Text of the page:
1. to irritate or annoy, (to play) a trick or joke
he really winds me up, it was all a wind-up
'Wind up' is a phrasal verb meaning to end something, to arrive or find yourself in a particular place or situation to trick someone with lies or to annoy someone else, or to make a clock or watch work by turning a dial or key. If you find yourself somewhere unexpectedly or without planning to you can say you 'wound up' there. If you manage to convince someone something is true even though it is not you might say you are 'winding them up'. Usually, this involves telling someone lies in order to distress someone else or as a joke. You might also say someone is 'winding you up' if they are annoying you, especially deliberately. With old clocks and watches, you need to 'wind them up' in order for them to work, wind up toys were also popular in the past. As a noun a 'wind up' can be something that is not true told to someone else in order to make a joke. As an adjective, it can describe a clock, toy or something that needs to be wound before it is able to operate.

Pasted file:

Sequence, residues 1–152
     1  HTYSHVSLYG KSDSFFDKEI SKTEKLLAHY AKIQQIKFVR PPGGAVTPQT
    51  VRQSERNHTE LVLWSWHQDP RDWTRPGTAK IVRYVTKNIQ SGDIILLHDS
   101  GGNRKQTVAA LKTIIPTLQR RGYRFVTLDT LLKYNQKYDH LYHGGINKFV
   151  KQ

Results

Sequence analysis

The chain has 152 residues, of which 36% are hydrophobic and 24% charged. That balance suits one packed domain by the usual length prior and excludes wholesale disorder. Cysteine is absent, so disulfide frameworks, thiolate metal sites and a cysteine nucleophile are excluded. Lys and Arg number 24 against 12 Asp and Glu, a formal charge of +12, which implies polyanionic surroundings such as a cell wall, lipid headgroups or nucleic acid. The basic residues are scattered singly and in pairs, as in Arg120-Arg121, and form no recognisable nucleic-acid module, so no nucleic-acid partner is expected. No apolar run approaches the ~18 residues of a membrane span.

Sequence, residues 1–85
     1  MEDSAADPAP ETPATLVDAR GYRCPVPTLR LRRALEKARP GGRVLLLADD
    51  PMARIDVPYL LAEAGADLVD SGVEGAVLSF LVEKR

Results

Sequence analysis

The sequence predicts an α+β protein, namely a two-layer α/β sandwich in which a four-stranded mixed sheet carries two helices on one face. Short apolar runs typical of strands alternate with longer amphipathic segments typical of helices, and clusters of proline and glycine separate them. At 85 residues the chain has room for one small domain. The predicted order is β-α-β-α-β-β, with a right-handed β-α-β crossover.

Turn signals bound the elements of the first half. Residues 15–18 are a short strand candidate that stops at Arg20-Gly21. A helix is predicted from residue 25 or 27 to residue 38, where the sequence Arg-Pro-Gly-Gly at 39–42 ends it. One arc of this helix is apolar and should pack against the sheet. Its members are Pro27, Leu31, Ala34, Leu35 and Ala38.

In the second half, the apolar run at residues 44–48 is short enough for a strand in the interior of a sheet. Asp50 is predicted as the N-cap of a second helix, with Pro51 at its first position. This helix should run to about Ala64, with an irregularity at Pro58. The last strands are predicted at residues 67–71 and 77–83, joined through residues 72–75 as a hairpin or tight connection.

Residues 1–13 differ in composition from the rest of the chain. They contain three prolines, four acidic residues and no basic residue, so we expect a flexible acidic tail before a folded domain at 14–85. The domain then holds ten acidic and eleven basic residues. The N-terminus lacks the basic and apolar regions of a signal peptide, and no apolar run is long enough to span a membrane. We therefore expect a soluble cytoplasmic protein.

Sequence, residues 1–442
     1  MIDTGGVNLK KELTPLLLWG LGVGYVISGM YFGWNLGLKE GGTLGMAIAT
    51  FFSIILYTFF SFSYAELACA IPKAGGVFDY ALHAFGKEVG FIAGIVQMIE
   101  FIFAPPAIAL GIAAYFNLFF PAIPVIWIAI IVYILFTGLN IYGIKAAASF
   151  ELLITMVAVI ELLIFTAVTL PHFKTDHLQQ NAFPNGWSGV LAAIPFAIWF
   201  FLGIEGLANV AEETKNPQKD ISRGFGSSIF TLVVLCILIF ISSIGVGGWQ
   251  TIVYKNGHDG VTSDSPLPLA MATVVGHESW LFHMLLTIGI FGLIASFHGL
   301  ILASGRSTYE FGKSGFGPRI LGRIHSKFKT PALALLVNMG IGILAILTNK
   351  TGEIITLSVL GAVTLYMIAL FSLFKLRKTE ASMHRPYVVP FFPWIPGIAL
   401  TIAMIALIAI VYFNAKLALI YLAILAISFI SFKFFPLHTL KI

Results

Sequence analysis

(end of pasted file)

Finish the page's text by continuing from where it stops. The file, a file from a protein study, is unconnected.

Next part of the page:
2. to end or finish
let's wind up at 7, we hope to wind up after lunch
'Wind up' is a phrasal verb meaning to end something, to arrive or find yourself in a particular place or situation to trick someone with lies or to annoy someone else, or to make a clock or watch work by turning a dial or key. You can use 'wind up' to talk about ending or finishing something. You might hear it used in expressions such as 'should we wind up for the day?' or 'I think it's time for us to wind up until tomorrow.' This use can also be applied to a business which stops operating or which has to close. Although this is a casual use of the phrase you can find it used in both social and professional contexts.